I'm writing this from the incredibly lovely Heidel House in Green Lake, Wisconsin. I was keynote speaker this morning for a "Strategic Visioning Summit on the Future of the Library," co-sponsored by the Wisconsin Department of Public Instruction (State Superintendent of Public Instruction Elizabeth Burmaster), and the Council on Library and Network Development chaired by Kathy Pletcher, Associate Provost for Information Services for the University of Wisconsin-Green Bay.
I had forgotten how beautiful the land around here can be: green, pastel blue sky, trees everywhere, and of course, Green Lake itself, which is 2 miles across and 17 miles wide.
The summit organizers have done a good job of pulling together a mix of people: academic, public, school, and special, but also some diversity of age.
My talk focused on what I thought were 6 trends in librarianship (self-service, merchandising, emergent literacy, community reference, the convergence of libraries and museums, and passing the torch), and at least two big ideas (a Wisconsin Library Card, and enabling legislation for public district libraries). They were all well received, and led smoothly enough into some preplanned categories for brainstorming.
Both Big Ideas are hardly my creation (nor are the trends, for that matter). We've had them in Colorado for years. But the Colorado library card idea was actually easy enough to do (aside from politics!), and cost almost nothing. The library district has been clearly shown to be the most effective kind of public library, because it ties the funding to the actual users.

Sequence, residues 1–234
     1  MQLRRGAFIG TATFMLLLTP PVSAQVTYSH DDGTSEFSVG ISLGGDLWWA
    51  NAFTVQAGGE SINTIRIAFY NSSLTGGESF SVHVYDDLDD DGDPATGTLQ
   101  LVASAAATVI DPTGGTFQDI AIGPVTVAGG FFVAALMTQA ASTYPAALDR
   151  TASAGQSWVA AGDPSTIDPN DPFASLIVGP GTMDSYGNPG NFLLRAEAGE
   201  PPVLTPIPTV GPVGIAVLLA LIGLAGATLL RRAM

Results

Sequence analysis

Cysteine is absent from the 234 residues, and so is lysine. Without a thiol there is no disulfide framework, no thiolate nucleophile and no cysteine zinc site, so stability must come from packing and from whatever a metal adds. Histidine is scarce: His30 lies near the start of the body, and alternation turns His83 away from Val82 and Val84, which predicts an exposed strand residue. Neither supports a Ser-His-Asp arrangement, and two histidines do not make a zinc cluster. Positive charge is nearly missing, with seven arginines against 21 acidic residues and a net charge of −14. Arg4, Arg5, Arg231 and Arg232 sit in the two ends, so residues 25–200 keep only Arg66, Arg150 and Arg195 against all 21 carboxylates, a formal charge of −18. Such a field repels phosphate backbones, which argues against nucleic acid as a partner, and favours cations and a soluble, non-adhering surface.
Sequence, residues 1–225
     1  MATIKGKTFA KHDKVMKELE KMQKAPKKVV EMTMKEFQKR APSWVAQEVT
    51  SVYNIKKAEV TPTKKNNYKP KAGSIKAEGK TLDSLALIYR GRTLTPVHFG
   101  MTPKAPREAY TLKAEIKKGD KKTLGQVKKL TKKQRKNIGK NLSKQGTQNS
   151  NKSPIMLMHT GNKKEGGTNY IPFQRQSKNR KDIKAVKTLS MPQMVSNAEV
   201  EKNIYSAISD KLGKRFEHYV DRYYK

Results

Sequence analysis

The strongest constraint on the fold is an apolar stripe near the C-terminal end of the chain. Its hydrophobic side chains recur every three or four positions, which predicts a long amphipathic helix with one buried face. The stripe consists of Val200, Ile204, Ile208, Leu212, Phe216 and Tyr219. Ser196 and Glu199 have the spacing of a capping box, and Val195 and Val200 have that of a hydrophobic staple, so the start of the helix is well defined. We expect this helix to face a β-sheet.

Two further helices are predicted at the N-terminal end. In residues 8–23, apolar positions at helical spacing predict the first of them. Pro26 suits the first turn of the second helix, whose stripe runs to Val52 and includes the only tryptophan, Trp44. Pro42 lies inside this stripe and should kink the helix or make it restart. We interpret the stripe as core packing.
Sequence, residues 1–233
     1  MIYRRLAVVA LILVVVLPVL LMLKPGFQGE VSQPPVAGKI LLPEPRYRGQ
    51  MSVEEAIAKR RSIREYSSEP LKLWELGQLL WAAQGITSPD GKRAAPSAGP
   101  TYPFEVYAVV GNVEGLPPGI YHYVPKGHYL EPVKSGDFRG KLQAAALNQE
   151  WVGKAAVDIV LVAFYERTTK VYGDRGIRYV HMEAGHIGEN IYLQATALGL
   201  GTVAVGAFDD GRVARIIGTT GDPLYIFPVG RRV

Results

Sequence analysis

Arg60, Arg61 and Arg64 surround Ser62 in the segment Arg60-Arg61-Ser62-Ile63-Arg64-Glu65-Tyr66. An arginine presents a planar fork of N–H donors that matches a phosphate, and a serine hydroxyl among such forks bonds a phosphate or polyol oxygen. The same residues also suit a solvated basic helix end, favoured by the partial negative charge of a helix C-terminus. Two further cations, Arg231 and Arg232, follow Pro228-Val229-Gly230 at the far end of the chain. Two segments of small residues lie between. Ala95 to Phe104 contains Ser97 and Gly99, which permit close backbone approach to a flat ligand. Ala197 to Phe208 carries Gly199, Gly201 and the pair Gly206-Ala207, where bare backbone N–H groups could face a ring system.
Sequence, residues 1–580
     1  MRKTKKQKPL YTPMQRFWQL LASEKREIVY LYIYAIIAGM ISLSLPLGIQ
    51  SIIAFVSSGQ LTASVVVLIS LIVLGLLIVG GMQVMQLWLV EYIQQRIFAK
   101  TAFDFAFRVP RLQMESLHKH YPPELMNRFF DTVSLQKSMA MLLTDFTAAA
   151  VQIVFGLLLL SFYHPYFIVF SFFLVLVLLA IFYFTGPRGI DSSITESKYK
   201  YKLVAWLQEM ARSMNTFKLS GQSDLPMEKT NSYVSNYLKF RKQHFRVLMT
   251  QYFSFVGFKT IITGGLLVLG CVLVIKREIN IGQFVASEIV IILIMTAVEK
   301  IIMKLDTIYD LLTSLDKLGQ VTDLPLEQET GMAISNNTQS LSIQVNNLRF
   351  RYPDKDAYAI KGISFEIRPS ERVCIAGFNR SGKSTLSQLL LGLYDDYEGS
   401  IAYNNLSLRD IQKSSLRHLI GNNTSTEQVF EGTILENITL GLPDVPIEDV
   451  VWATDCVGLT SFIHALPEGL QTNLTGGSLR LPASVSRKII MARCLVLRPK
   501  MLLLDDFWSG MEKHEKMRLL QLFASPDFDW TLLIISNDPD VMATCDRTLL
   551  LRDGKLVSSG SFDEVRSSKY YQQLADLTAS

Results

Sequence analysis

The real attraction of public speaking is that it forces me to think things through. It was a challenge to try to package all this for a state-wide discussion. But it also clarified my own thinking about what works, and what's significant.
I'm catching up on work email this afternoon, but look forward to seeing what these good people come up with tomorrow morning.
I'm also looking forward to going home. My own staff is pretty creative, too, and they've been doing good work, it seems, in the area of civic engagement (specifically, voter registration).